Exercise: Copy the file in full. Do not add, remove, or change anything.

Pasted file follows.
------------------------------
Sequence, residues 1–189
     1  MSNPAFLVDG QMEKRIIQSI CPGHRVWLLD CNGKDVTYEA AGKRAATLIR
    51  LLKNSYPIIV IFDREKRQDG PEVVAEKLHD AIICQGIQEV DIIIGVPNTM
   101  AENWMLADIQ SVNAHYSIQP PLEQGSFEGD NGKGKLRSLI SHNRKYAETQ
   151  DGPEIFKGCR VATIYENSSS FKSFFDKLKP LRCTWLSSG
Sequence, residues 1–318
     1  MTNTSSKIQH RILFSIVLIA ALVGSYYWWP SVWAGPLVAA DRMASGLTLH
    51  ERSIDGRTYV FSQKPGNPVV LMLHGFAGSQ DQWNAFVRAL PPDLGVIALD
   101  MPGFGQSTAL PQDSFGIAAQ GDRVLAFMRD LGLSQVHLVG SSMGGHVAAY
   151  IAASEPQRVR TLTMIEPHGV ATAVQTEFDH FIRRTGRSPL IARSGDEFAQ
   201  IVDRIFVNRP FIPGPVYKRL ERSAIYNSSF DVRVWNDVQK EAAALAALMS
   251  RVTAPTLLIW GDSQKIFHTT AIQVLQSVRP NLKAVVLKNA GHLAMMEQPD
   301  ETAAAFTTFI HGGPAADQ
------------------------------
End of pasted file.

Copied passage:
Sequence, residues 1–189
     1  MSNPAFLVDG QMEKRIIQSI CPGHRVWLLD CNGKDVTYEA AGKRAATLIR
    51  LLKNSYPIIV IFDREKRQDG PEVVAEKLHD AIICQGIQEV DIIIGVPNTM
   101  AENWMLADIQ SVNAHYSIQP PLEQGSFEGD NGKGKLRSLI SHNRKYAETQ
   151  DGPEIFKGCR VATIYENSSS FKSFFDKLKP LRCTWLSSG
Sequence, residues 1–318
     1  MTNTSSKIQH RILFSIVLIA ALVGSYYWWP SVWAGPLVAA DRMASGLTLH
    51  ERSIDGRTYV FSQKPGNPVV LMLHGFAGSQ DQWNAFVRAL PPDLGVIALD
   101  MPGFGQSTAL PQDSFGIAAQ GDRVLAFMRD LGLSQVHLVG SSMGGHVAAY
   151  IAASEPQRVR TLTMIEPHGV ATAVQTEFDH FIRRTGRSPL IARSGDEFAQ
   201  IVDRIFVNRP FIPGPVYKRL ERSAIYNSSF DVRVWNDVQK EAAALAALMS
   251  RVTAPTLLIW GDSQKIFHTT AIQVLQSVRP NLKAVVLKNA GHLAMMEQPD
   301  ETAAAFTTFI HGGPAADQ